This week’s article is by Mark Herschberg, an author and instructor at MIT. It is a companion to his interview on Innovating Leadership, Co-creating Our Future titled Essential Skills for Success No One Taught You that aired on Tuesday, October 19th, 2021.
There’s the old line:
Question: What if we train people and then they leave?
Answer: What if you don’t train them and they stay?
As we head into the new normal of a covid-norm world (post-covid doesn’t seem to be the right term because covid seems like it will be there to stay) what does it mean for our organization and the development of its members? Companies are already seeing higher than average turnover due to the great recession and expect to see it for another few quarters. Knowing a certain, higher than average percentage of your training dollars will walk out the door seems like a bad investment. Besides, HR and leadership are already stretched thin from re-opening offices, navigating the new normal, and dealing with a labor shortage; who has time to start a new program! But what if you could train for an insignificant amount of dollars and increase your retention at the same time?
Training traditionally is implemented with the “sage on the stage” model. Your employees are sent to listen to an expert. It means bringing the expert in or sending your team to some offsite training. Either way, it’s big dollars in direct costs, plus potentially additional travel time and costs. Today we can get that training virtually, but we know people tend to be less engaged watching a video for an hour.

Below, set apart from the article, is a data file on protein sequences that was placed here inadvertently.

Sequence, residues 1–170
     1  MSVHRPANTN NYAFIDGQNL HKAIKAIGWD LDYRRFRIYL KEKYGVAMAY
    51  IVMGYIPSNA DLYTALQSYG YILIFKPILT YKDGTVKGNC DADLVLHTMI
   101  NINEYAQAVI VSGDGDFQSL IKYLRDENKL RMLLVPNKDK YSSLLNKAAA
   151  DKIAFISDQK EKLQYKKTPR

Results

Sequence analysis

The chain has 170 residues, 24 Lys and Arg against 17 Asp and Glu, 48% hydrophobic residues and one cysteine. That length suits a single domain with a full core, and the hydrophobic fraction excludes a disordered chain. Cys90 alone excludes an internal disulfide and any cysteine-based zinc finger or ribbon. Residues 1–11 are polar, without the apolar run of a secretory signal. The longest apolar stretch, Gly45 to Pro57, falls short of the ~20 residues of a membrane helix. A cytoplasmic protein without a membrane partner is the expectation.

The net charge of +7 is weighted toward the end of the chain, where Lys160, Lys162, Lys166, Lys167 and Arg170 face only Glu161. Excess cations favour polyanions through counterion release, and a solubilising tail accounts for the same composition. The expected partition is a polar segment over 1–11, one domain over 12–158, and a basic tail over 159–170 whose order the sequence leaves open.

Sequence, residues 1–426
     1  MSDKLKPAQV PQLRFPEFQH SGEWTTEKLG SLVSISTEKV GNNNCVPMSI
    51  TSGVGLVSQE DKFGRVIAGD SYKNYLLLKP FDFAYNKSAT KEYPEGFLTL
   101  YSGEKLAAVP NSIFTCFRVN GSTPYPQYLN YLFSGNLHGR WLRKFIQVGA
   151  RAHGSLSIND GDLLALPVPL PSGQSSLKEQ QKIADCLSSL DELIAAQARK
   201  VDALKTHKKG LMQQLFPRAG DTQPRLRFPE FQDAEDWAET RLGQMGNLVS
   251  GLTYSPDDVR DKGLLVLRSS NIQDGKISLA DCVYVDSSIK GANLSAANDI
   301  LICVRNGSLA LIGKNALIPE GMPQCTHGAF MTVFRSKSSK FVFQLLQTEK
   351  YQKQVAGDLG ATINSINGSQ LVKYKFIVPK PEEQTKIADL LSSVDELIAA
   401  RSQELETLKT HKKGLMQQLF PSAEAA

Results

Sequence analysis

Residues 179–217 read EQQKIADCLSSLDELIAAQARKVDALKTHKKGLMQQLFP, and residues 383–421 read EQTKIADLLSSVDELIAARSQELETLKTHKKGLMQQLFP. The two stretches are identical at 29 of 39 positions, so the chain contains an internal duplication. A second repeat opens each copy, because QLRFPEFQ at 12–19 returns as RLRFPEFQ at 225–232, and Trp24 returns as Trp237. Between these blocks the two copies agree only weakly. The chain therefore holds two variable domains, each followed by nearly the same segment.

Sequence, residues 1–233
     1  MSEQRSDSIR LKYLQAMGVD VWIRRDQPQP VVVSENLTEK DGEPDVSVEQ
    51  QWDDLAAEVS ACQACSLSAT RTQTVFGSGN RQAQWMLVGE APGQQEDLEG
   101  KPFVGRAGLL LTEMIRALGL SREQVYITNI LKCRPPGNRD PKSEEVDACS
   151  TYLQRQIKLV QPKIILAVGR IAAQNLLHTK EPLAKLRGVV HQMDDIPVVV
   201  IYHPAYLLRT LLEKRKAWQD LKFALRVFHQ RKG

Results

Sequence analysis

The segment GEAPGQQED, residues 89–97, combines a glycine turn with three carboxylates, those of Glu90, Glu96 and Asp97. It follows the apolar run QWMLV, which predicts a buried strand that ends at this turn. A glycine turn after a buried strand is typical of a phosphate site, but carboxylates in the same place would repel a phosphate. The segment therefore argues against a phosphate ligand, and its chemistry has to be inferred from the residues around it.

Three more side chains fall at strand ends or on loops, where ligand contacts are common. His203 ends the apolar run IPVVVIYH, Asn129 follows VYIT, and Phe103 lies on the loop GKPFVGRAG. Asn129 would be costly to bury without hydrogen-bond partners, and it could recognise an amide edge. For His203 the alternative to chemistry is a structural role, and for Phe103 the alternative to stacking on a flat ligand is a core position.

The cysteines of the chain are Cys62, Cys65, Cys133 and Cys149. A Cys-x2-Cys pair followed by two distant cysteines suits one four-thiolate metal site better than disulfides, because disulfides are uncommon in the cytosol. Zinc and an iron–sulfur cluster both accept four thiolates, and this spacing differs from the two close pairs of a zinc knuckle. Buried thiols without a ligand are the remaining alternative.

Fortunately, there are existing models we can turn to. For decades, top business schools have used the case method. This is a form of active learning in which the class doesn’t simply listen but actively participates. It can involve case studies, discussion problem solving, reflection, or other techniques in which the members of the class don’t just listen but actively participate. It’s the technique we also use at MIT’s famed career success accelerator program.
A low-cost, easy to implement method is to implement learning pods at your organization. In business school students are broken into cohorts, groups of people with a mix of backgrounds. During a case study, each person contributes their thoughts based on their own knowledge and prior experience. The students learn in a stone soup manner, everyone contributes some insight to the discussion to create something much more valuable than anyone could have created on her own.
The cost of doing this is little to none. One method is to use a book. That’s basically the cost of a lunch per person, certainly not going to break your budget. You can also use free content, such as online articles, videos, blogs, or podcasts. What matters is that there is common content everyone reviews ahead of time. They can engage with content in 15-30 minutes and then have a discussion 45-60 minutes long. That’s a time cost of 60-90 minutes per cycle.
The groups can then meet, say twice a month to discuss the content. Much like with a business school cohort, it’s the class discussion itself that adds to real value. The content was just the nucleus around which the content is created.
There are several ways to structure this. The simplest is to create small groups, typically around 6-8 people, send them the content, and let them self-direct the conversations. So, with zero cost, and a couple of hours of planning overhead, you can create this training program at your organization.